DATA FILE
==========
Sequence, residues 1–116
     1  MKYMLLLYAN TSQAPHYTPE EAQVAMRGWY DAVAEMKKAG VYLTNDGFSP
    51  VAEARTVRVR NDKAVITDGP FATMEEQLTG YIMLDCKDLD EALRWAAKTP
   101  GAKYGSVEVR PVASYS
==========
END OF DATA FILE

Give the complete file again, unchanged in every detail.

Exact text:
Sequence, residues 1–116
     1  MKYMLLLYAN TSQAPHYTPE EAQVAMRGWY DAVAEMKKAG VYLTNDGFSP
    51  VAEARTVRVR NDKAVITDGP FATMEEQLTG YIMLDCKDLD EALRWAAKTP
   101  GAKYGSVEVR PVASYS